What are you doing now?

Twitter on Ulitzer

Subscribe to Twitter on Ulitzer: eMailAlertsEmail Alerts newslettersWeekly Newsletters
Get Twitter on Ulitzer: homepageHomepage mobileMobile rssRSS facebookFacebook twitterTwitter linkedinLinkedIn


Twitter Authors: Pat Romanski, Hovhannes Avoyan, Jim Kaskade, Bob Gourley, Lori MacVittie

Related Topics: Twitter on Ulitzer, Government News, Cloud Data Analytics, The Role of Business

Blog Feed Post

Dr. Dave Warner at the 2014 Analyst Forum: Dots are Stupid

By

On July 30th in northern Virginia, some of the greatest minds in analytics for business, outcomes, and mission impact gathered to share their lessons learned and experiences with data analytics. Academia, government, and industry came together to provide a comprehensive approach to investigating how we can better extract knowledge from information.

The event was the 2014 Analyst Forum, a joint activity between the United Stated Geospatial Intelligence Foundation (USGIF) and our AnalystOne.com site (for an overview of the entire event see our recap here).

Dave Warner, with an MD and PhD in physio-informatics from Loma Linda University, contributed huge insights to the conference with his unique perspective as a neuroscientist.

 

With his research Dr. Warner has studied the interactions between the brain and computer – investigating the means by which we can maximize the quality, quantity, and speed of data communication between humans and machines.

Dr. Warner provided the example of improving the visualization of land mine detection. Working to improve the interface between humans conducting land mine detection and the detection devices themselves, Dr. Warner reported that land mine detection can be improved eighty-fold, just by applying neuroscience knowledge to the existing technology!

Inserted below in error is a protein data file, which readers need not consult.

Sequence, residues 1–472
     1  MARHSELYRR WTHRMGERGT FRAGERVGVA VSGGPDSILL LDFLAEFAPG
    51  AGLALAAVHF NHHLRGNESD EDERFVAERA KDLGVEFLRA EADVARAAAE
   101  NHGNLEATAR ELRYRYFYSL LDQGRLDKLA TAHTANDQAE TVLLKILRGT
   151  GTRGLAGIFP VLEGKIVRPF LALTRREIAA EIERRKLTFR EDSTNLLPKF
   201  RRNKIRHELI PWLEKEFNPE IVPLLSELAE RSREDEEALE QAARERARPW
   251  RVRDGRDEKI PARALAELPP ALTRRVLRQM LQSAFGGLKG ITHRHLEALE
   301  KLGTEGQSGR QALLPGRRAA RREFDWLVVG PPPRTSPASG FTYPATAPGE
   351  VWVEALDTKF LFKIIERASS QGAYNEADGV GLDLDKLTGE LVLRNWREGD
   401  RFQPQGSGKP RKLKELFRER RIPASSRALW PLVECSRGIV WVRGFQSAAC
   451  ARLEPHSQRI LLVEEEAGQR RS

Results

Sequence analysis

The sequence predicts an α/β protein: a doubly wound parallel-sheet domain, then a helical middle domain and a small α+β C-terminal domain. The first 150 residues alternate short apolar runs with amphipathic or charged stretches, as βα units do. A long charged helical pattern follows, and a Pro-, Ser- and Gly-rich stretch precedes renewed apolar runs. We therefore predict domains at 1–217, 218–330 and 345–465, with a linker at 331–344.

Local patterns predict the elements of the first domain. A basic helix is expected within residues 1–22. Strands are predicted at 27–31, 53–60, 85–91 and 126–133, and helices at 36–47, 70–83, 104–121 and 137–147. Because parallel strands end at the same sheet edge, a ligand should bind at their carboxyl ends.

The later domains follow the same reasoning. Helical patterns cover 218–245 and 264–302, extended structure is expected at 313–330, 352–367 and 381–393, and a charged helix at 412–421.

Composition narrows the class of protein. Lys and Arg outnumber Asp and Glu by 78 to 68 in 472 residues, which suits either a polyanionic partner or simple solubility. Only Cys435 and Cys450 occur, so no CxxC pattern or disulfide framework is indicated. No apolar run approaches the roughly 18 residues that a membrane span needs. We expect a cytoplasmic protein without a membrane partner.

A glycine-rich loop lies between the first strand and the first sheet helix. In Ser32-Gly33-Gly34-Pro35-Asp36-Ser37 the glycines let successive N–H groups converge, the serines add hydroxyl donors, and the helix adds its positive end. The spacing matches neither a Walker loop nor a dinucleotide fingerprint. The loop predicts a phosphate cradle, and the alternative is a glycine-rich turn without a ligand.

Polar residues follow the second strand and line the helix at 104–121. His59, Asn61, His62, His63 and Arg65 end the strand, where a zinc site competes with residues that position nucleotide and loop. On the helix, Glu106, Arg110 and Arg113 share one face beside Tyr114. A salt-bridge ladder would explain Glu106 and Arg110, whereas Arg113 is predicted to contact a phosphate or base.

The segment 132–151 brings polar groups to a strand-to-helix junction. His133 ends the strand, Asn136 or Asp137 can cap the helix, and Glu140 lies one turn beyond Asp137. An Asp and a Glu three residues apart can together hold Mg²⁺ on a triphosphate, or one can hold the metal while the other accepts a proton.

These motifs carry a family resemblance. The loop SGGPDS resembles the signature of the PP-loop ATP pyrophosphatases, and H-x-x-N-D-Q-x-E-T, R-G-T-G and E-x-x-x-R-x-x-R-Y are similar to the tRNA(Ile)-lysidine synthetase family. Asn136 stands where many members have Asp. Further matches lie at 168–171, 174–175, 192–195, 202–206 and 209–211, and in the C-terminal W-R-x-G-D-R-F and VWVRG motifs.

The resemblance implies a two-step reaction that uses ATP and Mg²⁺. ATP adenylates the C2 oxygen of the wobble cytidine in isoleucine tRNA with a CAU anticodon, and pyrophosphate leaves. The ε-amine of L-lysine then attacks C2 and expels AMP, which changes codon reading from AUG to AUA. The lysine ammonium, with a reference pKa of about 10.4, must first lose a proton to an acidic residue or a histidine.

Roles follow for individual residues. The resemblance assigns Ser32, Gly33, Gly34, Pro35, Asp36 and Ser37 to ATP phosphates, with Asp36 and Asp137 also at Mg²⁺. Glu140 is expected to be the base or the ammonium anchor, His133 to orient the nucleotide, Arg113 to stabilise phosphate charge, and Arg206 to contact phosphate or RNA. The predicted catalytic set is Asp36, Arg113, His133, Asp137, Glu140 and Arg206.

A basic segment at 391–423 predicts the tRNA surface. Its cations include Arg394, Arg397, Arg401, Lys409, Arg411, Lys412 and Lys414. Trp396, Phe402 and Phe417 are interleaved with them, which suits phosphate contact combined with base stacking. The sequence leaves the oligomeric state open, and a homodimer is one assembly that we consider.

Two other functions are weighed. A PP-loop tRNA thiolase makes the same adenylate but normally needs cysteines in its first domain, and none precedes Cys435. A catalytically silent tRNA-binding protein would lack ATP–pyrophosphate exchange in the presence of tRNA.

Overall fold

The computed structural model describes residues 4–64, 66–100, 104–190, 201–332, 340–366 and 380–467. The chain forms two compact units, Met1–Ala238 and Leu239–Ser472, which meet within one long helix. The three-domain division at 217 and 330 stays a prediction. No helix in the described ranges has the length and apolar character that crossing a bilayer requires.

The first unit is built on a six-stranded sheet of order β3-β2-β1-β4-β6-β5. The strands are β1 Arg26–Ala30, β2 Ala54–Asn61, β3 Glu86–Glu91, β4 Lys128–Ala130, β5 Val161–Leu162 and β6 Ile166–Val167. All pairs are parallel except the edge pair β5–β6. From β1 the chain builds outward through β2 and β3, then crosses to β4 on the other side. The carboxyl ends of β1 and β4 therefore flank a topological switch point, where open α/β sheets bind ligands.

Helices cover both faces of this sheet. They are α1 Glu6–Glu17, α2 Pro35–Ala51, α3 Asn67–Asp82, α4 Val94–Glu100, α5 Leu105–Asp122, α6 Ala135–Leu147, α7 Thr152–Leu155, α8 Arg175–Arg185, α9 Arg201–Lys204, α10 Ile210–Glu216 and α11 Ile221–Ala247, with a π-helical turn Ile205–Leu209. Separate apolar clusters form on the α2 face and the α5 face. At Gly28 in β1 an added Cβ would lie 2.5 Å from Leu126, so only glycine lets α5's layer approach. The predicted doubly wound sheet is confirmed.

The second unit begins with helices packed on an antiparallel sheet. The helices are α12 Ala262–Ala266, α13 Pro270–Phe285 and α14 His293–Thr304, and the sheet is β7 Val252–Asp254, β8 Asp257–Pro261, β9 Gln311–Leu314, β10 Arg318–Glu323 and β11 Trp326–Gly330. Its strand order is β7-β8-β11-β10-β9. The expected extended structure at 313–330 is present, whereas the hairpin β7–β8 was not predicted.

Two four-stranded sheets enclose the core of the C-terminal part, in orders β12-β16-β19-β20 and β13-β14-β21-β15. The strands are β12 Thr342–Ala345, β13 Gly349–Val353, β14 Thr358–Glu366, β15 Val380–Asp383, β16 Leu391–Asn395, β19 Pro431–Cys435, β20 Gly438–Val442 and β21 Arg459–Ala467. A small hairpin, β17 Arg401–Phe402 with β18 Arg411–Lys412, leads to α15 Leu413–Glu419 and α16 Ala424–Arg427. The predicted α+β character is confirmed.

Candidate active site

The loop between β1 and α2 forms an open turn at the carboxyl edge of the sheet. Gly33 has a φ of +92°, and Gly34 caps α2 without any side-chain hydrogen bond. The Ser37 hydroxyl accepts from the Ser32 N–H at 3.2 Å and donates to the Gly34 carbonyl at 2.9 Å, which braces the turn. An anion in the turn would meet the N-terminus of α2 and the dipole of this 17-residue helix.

Vis-à-vis how humans currently display and perceive graphical information, Dr. Warner argued, “Dots are stupid.”  In a single moment, the human brain can perceive hundreds of visual qualities, including height, length, speed, shape, size, color, texture, etc. Dr. Warner illustrated this point with several multidimensional graphs that communicated dozens of different pieces of data in a single pass.

One graph simultaneously displayed the speed, heart rate, latitude, longitude, and altitude of a mountain biker; another conveyed the time, frequency, location, magnitude, and cause of violent conflicts in an unstable region.

Dr. Warner’s focus – the importance of representing information in an understandable – can provide insights to anyone in the field of data analytics. While the current wealth of data presents scores of opportunities, aggregating and displaying the information efficiently deserves a great deal of attention.

Read the original blog entry...

More Stories By Bob Gourley

Bob Gourley writes on enterprise IT. He is a founder and partner at Cognitio Corp and publsher of CTOvision.com